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Want Examples of Prison Torture? Look Homeward

by Dwight Abbott

California's Juvenile Prison System Needs Reform From Ground Up

(PNS) -- More than a year since the brutal treatment of prisoners inside Abu Ghraib was exposed, the Washington Post has reported that the CIA has been operating a secret system of "black site" interrogation centers in eight foreign countries in Eastern Europe, the Middle East and Thailand.

Fact is, you don't have to go far, not to Thailand or Afghanistan, to find a "black site" that appears "beyond the reach of U.S. law." Get in your car, drive around the state of California, and you will drive by dozens of these sites -- the prisons, jails and Youth Authority detention centers that dot the rural landscape. As in all black sites, each successfully defies the law every day, and is rarely held accountable.

President Bush insists that "No one in U.S. custody is being tortured," despite testimony from some detainees who have been held in these secret prisons describing such techniques as "waterboarding" (prisoners strapped to a board and immersed in water until they feel they are drowning) and isolation in unlit cells, sometimes for years and with no legal access or human contact except for their CIA interrogators. At the same time, Bush has threatened to veto any legislation, like Sen. John McCain's amendment, banning "cruel, inhuman or degrading" treatment of prisoners.

All of this sounds so very familiar to those of us who have been attempting to get the federal government to take over the California prison system because of proven corruption and continued abuse in many forms, not the least of which is physical.

I was a pre-teen child inside the Los Angeles County Juvenile Hall. I graduated as a teenager into most of California's toughest Youth Authority penal institutions. As an adult who's spent nearly 50 years in our state prisons, I have long personally experienced much of what is now being described as torture of "terrorists" in our custody.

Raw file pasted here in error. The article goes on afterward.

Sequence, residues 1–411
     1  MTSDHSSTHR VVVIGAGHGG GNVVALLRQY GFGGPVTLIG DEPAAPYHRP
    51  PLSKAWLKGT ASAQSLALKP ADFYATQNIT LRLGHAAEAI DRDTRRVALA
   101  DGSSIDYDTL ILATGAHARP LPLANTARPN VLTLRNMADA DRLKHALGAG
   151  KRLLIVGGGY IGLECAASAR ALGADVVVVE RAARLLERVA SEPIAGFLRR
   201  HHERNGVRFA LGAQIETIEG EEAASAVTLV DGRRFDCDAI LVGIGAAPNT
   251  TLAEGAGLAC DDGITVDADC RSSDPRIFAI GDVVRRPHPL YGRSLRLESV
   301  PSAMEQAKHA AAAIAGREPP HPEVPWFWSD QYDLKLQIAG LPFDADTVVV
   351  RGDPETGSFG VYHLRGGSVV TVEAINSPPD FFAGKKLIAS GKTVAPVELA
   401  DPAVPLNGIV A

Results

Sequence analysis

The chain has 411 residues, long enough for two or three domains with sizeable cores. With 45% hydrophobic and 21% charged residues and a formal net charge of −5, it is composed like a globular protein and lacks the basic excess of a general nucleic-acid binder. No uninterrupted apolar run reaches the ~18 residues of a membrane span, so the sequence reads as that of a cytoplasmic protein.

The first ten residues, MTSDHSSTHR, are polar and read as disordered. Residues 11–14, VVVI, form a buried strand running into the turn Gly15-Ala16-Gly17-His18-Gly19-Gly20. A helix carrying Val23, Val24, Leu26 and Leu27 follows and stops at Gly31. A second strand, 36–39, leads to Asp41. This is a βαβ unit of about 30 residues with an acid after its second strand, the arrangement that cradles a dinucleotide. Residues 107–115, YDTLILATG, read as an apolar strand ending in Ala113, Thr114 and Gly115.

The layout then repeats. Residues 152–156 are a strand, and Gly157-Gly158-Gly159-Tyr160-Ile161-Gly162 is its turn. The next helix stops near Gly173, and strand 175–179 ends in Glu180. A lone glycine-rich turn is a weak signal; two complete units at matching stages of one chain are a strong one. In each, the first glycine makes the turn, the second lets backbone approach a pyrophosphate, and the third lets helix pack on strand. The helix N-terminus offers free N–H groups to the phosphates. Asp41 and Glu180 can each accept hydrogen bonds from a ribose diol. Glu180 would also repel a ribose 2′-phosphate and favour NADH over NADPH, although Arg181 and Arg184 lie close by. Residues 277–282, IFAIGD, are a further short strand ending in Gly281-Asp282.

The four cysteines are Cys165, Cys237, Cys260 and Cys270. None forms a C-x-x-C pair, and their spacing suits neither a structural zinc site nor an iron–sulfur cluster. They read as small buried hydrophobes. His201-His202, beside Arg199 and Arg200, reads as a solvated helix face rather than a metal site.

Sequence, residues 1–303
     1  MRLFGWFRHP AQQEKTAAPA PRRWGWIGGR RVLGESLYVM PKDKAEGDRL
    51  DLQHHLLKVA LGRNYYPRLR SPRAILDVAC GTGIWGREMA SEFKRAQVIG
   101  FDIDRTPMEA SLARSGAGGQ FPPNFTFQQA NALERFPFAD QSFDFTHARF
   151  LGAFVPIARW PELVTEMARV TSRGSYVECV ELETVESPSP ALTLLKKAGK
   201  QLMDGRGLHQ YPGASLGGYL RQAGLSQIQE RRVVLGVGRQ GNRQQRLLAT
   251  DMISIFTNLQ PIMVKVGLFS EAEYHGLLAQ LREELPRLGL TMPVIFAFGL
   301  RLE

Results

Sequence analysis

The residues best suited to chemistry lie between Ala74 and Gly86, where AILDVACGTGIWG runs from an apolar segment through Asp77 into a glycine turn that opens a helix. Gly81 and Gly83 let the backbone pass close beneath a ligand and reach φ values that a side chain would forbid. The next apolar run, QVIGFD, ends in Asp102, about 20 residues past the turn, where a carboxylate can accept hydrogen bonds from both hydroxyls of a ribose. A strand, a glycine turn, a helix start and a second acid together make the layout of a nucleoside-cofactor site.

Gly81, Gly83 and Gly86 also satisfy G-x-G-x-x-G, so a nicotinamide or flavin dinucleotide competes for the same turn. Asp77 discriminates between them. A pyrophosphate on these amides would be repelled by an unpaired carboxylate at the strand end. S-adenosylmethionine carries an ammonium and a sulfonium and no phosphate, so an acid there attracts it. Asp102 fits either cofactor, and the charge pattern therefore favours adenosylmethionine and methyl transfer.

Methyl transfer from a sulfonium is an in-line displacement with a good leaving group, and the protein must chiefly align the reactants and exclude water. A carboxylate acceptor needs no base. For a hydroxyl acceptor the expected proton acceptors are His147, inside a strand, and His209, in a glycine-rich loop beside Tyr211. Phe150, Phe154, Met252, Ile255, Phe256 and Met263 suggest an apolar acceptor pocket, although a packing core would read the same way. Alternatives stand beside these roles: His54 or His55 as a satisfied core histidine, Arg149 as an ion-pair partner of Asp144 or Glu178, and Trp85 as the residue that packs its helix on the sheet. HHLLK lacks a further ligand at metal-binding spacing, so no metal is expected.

Though not "strapped to a board," I have been left naked, handcuffed to cell bars above my head, left with only the tips of my bare toes touching the concrete floor, and blasted with water from a fire hose until water filled my lungs and I knew I was drowning.

Once I lay naked upon the concrete, hands cuffed behind my back, a canvas bag over my head for four or five days (I cannot remember), without food or water as my keepers tried to destroy everything that I was.

I've been confined in a cell that had no lighting, no sink, no toilet and no bed other than a blanket on the floor next to a hole that was my bathroom. I lived in continuous darkness for five years. I received no correspondence, no visits other than from my keepers, who were intent on making me regret I was human. It was inside this cell that I wrote my first book on a roll of toilet paper after finding a guard who would crack open the steel door to allow dim light to seep in three hours each night.

I'm aware of hundreds of deaths from "unnatural causes," such as strangulation, asphyxiation and blunt-force injuries, that were blamed on "inmates unknown," when in some of those cases it was the guards who committed the murders. I've looked on as guards took a prisoner up to the fifth tier at San Quentin State Prison, handcuff his wrists behind his back and chain his ankles together, knock him down to the concrete floor and proceed to drag him by his feet down five flights of steel steps, leaving the inmate horribly bruized and bleeding, impressing upon those who watched from their cells what happens to those who don't follow the rules.

I've been "punished" and placed on a "Rationed Diet," which consisted of two cups of water and a soybean patty given twice a day for three days (you got a "hot meal" once). This went on for months at a time. I've watched men get pulled from their cells and forced to receive a "shock treatment" as punishment for being "uncooperative."

Over the years, there have been occasional protests regarding this abuse of prisoners right here at home, and there have been the standard denials -- "It never happened" -- as well as rare admissions when the abusers are caught with their pants down.

Anyone familiar with the California prison system knows that the practices of starving prisoners, beating them, "waterboarding" and murdering inmates continues to this very day. Can anyone take seriously the promises of a government that abuses its own citizens that "no (terrorist) in U.S. custody is being tortured?" Can anyone honestly expect such torture to stop?

Washington Post columnist Eugene Robinson has decried the practices in the "black site" prisons abroad, stating that "starving, beating and waterboarding our enemies in secret gulags is not what this country is about." He has obviously never spent any time in the California prison system.

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Albion Monitor January 3, 2006 (

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